The isolation is horrendous
Two parent carers describe the lonely struggle they face over summer holidays - with no childcare options for their disabled children.
Emma, from Great Yarmouth, loves being a mum to her daughter, Amber.
But as well as being a mother to Amber, Emma is also an unpaid family carer for her daughter.
Amber, now aged 20, was diagnosed with Autism when she was just three. She was later diagnosed with both ADHD and Gender Dysmorphia when she was still only eight. And she did not talk until she was seven and only started reading aged nine. She also has Sensory Perception Disorder and Specific Learning Difficulties.
As schools and colleges close for summer holidays, Emma is incredibly anxious about how she is going to cope looking after Amber over the summer without any prospect of a break. That’s because, with Amber’s support services at college now closed for the summer, Emma is facing long weeks of being Amber’s peer supporter, mental health worker, entertainment organiser as well as nurse, 24/7. There will be no more extra support, or respite for Emma, until college reopens after the summer.
Up to now, Amber’s education has gone well. She is in mainstream education, studying an IT course at Norwich City College. During term times she has a support worker to help her concentrate on her course, which is an effective strategy. Previously she attended a social, emotional and behavioural school which had very small classrooms and where she achieved several GCSE’s, as well as BTEC qualifications.
Eighteen months ago the family moved to Great Yarmouth from South Cambridgeshire to reduce their cost-of-living. The move has been a success in that they love living near the sea and are finding Great Yarmouth much less expensive.
The negative side to this is that they have lost their network of friends and family and feel very isolated.
In an effort to build up a work from home lifestyle, Emma has enrolled in a three-year Creative Arts and Well-Being degree course - to study, make friends and form an eventual career. But none of this alters the loneliness and exhaustion she experiences by being a parent carer, when school and college are out for the summer.
Emma said: “Amber is now classed as an adult but the system does not seem to understand that she is actually a 12-year-old in a 20-year-old’s body. It is not healthy for her to be with us all the time. She has no routine.”
Ash Strawson is a parent carer in Cambridgeshire. She cares for her disabled seven-year- old son Max. And with no support available to them, summer holidays are really difficult.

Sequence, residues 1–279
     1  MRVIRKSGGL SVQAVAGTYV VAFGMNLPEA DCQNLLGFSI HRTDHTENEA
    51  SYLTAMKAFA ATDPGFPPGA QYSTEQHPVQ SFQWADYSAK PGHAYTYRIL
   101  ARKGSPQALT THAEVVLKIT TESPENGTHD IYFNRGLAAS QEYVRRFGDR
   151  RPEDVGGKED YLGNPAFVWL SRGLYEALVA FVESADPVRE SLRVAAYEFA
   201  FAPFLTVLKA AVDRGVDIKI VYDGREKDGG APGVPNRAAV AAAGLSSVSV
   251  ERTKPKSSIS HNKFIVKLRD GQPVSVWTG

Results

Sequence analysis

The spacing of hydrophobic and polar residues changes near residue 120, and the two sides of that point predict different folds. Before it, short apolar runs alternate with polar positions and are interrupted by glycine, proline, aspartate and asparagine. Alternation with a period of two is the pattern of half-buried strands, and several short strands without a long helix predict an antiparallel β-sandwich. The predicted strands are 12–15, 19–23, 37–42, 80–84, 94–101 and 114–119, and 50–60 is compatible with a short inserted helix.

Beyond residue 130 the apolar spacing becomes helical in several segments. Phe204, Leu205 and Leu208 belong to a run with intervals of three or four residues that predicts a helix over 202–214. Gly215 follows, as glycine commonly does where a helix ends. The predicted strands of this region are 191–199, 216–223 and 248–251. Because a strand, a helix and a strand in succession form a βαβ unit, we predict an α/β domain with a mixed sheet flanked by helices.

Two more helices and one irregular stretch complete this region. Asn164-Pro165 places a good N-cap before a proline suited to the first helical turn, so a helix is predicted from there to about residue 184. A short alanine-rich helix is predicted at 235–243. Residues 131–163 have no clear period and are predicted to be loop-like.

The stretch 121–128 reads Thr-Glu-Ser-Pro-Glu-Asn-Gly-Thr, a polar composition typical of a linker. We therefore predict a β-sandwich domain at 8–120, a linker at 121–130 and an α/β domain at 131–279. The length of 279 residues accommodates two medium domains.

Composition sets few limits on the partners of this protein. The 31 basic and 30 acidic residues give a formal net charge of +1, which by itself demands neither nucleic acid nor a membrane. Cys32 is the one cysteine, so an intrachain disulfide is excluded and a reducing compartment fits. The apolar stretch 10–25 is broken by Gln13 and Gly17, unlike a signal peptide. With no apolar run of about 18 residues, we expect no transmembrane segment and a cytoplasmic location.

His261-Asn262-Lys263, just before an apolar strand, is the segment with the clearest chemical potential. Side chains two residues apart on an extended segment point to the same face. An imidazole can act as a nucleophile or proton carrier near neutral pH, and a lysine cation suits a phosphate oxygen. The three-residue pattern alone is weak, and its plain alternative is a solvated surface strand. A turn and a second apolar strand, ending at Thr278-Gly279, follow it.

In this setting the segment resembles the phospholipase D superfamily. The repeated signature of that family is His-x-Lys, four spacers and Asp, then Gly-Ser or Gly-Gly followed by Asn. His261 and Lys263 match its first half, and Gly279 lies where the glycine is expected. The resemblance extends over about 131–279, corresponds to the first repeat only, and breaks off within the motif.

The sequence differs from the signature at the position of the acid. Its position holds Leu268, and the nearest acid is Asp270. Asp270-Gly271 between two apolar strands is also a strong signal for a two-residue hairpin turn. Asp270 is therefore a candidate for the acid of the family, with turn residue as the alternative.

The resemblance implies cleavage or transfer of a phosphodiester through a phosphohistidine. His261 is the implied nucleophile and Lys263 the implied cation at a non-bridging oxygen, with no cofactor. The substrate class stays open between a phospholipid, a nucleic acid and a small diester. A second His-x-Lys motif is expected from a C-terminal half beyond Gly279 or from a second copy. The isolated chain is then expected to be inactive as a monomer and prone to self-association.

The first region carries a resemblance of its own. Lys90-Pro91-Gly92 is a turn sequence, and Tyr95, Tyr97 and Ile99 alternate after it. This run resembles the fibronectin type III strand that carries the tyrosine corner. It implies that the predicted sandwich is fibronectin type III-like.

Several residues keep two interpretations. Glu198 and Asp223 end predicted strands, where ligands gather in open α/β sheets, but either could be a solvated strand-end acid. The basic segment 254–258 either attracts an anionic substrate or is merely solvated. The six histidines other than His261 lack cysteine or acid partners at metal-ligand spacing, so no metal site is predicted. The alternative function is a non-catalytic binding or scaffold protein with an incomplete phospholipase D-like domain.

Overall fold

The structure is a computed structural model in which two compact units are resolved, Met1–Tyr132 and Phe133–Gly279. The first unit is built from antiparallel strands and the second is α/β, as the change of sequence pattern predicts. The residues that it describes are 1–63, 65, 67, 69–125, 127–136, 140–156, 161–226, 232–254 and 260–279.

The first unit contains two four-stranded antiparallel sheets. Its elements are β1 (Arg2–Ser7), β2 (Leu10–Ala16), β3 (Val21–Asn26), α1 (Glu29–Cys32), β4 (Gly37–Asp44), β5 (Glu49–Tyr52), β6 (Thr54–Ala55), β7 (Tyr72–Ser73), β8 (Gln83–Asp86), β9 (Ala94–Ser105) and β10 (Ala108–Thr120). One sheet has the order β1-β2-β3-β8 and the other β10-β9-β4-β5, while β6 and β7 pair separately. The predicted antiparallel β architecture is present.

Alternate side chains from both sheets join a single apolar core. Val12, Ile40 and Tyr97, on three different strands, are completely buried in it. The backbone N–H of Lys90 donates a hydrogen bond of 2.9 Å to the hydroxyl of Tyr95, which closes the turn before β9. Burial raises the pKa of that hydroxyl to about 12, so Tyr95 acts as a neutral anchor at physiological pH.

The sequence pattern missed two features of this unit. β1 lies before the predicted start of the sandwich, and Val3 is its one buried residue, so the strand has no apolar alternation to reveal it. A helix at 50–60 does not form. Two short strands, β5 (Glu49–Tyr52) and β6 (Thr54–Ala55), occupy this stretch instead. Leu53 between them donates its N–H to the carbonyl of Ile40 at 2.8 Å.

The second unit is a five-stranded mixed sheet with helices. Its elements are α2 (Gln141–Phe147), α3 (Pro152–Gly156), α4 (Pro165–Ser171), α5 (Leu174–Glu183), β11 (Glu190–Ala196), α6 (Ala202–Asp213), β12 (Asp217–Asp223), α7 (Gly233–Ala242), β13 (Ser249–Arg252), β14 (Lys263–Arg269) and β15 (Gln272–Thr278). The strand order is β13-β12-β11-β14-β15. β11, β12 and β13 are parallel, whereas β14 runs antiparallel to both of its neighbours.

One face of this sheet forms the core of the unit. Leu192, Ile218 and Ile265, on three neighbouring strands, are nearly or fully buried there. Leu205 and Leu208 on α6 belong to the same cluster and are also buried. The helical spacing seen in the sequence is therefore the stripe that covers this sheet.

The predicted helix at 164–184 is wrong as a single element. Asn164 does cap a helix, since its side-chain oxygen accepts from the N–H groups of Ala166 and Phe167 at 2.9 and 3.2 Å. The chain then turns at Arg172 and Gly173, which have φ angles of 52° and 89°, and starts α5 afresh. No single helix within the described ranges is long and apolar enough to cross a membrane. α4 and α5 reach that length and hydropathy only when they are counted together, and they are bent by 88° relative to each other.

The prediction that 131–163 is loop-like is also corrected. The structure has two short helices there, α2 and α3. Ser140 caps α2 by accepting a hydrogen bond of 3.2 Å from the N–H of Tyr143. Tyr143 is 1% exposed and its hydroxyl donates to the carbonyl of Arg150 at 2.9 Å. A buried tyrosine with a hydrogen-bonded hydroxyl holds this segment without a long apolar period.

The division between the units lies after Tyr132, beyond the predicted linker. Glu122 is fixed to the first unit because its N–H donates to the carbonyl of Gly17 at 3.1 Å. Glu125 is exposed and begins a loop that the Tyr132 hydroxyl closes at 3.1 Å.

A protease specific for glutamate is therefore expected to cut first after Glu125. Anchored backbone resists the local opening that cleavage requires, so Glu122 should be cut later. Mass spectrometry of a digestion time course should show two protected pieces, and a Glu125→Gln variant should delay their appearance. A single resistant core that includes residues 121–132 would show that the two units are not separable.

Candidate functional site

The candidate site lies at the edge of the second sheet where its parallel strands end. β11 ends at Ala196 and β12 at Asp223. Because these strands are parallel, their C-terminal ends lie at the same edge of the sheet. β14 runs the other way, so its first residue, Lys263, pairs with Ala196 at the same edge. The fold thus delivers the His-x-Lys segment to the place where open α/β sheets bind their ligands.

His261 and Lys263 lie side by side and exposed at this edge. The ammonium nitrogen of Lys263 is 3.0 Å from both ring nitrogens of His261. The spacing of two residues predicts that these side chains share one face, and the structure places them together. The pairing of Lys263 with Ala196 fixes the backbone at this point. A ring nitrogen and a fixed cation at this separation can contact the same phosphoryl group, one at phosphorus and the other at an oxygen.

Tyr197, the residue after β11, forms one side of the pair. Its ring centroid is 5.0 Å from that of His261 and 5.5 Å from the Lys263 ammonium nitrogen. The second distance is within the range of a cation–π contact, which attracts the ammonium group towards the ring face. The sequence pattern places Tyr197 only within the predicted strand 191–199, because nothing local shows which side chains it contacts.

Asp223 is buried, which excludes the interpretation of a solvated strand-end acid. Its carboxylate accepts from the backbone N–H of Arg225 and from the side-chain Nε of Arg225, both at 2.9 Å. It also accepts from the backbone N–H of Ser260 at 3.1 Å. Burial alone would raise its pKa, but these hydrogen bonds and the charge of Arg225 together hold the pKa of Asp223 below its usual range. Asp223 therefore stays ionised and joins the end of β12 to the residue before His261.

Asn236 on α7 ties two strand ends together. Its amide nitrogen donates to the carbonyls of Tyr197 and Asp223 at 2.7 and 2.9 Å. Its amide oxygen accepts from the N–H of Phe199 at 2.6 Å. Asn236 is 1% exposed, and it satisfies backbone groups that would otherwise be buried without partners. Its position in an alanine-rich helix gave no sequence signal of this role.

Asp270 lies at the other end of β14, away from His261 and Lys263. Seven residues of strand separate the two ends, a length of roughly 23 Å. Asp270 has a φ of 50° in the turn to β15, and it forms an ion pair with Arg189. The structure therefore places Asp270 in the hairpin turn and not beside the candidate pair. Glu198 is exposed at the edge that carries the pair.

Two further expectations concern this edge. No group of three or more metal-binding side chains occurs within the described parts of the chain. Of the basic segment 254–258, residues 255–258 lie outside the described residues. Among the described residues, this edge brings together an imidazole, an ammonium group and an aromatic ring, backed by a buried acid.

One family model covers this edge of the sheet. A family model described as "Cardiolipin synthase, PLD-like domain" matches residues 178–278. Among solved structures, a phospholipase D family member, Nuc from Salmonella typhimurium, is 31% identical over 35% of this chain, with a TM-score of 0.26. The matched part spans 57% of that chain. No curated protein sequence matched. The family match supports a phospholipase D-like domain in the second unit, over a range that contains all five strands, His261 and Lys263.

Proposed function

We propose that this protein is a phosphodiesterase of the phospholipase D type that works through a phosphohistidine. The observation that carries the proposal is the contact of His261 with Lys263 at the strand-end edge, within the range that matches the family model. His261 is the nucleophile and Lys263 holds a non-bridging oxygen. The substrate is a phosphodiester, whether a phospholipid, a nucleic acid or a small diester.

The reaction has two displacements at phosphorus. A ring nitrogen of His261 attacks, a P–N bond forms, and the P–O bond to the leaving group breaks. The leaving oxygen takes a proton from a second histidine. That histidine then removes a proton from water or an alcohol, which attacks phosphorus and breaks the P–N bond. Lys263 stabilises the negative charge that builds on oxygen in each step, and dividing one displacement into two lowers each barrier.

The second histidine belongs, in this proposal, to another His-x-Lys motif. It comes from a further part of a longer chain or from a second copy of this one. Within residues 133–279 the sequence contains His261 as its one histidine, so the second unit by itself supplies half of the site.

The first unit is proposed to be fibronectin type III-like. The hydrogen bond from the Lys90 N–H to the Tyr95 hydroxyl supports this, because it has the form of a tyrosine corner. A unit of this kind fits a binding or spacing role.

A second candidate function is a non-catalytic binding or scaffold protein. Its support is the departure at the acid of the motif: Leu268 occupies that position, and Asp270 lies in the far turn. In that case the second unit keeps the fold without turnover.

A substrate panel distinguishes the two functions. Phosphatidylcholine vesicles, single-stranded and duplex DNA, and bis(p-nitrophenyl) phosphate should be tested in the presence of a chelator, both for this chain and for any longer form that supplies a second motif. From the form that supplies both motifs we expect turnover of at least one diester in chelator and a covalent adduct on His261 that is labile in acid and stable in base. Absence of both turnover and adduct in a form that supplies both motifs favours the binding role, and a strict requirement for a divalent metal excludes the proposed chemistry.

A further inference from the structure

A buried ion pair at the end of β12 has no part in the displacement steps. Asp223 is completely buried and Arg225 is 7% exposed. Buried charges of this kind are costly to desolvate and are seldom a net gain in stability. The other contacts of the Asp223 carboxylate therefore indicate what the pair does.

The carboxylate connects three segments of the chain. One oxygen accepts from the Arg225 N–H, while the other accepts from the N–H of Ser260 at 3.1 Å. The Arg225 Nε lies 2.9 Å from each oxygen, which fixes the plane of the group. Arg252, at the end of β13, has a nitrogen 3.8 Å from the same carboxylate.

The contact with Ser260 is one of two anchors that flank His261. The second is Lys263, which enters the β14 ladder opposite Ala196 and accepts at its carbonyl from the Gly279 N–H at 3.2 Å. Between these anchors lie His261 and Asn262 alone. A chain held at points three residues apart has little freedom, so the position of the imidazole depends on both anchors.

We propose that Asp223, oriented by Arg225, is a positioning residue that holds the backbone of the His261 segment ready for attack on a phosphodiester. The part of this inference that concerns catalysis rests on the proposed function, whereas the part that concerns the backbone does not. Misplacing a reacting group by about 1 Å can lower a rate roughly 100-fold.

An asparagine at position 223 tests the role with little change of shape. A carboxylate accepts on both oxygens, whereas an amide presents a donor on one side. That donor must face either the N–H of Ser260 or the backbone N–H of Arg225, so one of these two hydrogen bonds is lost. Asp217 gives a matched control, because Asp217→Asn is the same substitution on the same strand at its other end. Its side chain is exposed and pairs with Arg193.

Max, who is adopted, was traumatised before he was one, probably due to foetal alcohol. He was diagnosed with developmental trauma as well as developmental delay.
His behaviour is often extreme. He totally relies on Ash, so although school and the term time is the only respite she has, very often he cannot cope and has to be collected part way through the day.
“I knew, four days after bringing him home, that we had serious issues to face. He goes to mainstream school but he has severe separation anxiety. I struggle to cope. He literally does not feel safe when he is not with me.”
Ash struggles to get the right help for Max partly because a complete diagnosis is very difficult because he does not have easily diagnosed symptoms.
“My husband has been taking anti-depressants. His school is the only way we get a break but despite this burden, he is an amazing person.”
Both Emma and Ash are supported by Caring Together, a charity which supports unpaid carers in Cambridgeshire, Peterborough and Norfolk. Caring Together is one of over 100 local carer charities that are part of national charity Carers Trust’s network.
Andy McGowan, Head of Engagement at Caring Together said: “Some unpaid carers have never heard of their carer helpline, which is there to offer support.
“We give parent carers the opportunity to have someone to speak to find out what support might be available to help them in their caring role.
“On some occasions we have been able to link people and their families into opportunities to improve their current situation, whereas for others it might be having a conversation about what they would do over the summer if there was an emergency affecting their cared for person.”
“We have also been able to try and help them source grants and bursaries which might relieve the pressure. Additionally, we run a variety of trips and activities over the summer holidays for young carers, so that siblings are able to have a break from their caring role and meet other young people in a similar situation.
“We continue to work closely with our local parent carer forums, local authorities and other organisations to ensure that parent carers are able to access assessments that they are entitled to and very much need, so that it can look at how their caring role impacts them and ultimately improve the lives for them and their families.”
To contact Caring Together please follow this link: